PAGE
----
The U.S. Department of Homeland Security (DHS) is introducing a joint border enforcement plan with Mexico to limit border crossings, allowing up to 24,000 Venezuelans to directly land by air at an interior U.S. port of entry.
Mexico Will Accept Deported VenezuelansIn return, Mexico has agreed to accept deported Venezuelan nationals who enter the United States between ports of entry without authorization. Until Oct. 12, Venezuelans weren't subject to Title 42 border expulsions, as neither their home country nor a third country such as Mexico was willing to receive them.
The United States will grant tens of thousands of Venezuelans legal pathways by air.
Timing Before Midterms Draws CriticismThe operation was announced less than a month before the 2022 midterm elections that could remove Democratic control of Congress. The Biden administration said the move is to ease the ongoing crisis at the U.S.–Mexico border, which has been fueled by increased immigrant flows not only from Venezuela but also Cuba and Nicaragua.
More than 150,000 Venezuelans were picked up at the border between October 2021 and August, contrasted with nearly 48,000 apprehended in the 2021 fiscal year, according to U.S. government data.
The Federation for American Immigration Reform, an organization that favors curbs on illegal immigration, denounced the new program as part of President Joe Biden’s open border policy.
Eligibility Requirements“These actions make clear that there is a lawful and orderly way for Venezuelans to enter the United States, and lawful entry is the only way,” Homeland Security Secretary Alejandro Mayorkas said in an Oct. 12 statement. “Those who follow the lawful process will have the opportunity to travel safely to the United States and become eligible to work here.”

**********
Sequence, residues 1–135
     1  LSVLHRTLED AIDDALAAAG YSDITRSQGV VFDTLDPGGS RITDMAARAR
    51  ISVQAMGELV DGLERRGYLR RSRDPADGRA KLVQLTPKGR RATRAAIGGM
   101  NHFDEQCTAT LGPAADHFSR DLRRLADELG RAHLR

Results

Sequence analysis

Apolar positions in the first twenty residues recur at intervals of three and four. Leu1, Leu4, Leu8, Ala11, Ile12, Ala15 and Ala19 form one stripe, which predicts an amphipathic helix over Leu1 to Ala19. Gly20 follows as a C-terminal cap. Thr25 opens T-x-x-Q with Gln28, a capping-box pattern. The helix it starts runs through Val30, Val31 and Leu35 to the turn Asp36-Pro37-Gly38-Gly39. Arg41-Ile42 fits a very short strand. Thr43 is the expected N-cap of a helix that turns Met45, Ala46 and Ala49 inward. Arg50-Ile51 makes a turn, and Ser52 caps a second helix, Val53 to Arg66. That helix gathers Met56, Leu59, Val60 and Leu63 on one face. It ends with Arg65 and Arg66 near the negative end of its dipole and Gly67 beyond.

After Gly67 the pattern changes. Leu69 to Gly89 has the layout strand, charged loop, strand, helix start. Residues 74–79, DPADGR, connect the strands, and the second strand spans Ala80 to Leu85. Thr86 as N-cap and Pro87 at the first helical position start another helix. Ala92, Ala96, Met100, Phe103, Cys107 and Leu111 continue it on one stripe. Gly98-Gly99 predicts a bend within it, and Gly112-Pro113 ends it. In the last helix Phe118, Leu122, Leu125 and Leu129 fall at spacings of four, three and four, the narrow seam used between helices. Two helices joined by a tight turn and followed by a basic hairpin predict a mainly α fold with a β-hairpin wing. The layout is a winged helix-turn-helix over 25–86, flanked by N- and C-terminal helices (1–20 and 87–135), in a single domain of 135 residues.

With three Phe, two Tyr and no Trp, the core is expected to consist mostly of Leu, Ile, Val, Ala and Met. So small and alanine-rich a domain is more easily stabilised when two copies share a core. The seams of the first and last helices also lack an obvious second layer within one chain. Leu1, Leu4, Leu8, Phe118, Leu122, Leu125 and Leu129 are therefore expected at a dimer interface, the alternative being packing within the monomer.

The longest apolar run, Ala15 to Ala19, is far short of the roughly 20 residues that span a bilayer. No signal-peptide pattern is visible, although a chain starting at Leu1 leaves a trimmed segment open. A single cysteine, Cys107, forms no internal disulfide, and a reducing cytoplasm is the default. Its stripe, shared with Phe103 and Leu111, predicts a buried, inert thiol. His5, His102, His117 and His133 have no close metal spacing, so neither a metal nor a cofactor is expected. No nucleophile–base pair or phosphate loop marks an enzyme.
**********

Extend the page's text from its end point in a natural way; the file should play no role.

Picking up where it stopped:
The plan is modeled on the “Uniting for Ukraine” program, rolled out in April, which allows Ukrainians fleeing the Russia–Ukraine conflict to enter the United States by securing a sponsor to provide financial and other support.
Venezuelans will also need to have a supporter within the United States, pass security vetting, and meet public health requirements, including vaccinations. Those approved via this process can then travel by air directly to an interior port of entry in the United States and later apply for work authorization.
Those seeking to apply must not go to the U.S.–Mexico border, according to the Mexican government. Venezuelans who enter Mexico or Panama illegally after Oct. 12 won't be eligible for the program, according to U.S. officials.
US to Provide Additional 65,000 H2-B VisasAt Mexico's request, the United States will provide an additional 65,000 temporary visas to migrants for nonagricultural jobs, the Mexican government stated. Of those visas, 20,000 will be allocated to Central Americans and Haitians.
The Biden administration has aimed at what it calls a “Root Causes Strategy:" collaborating with other nations to cut border encounters by addressing the violence, organized crime, corruption, and poverty that drive many to flee Central America.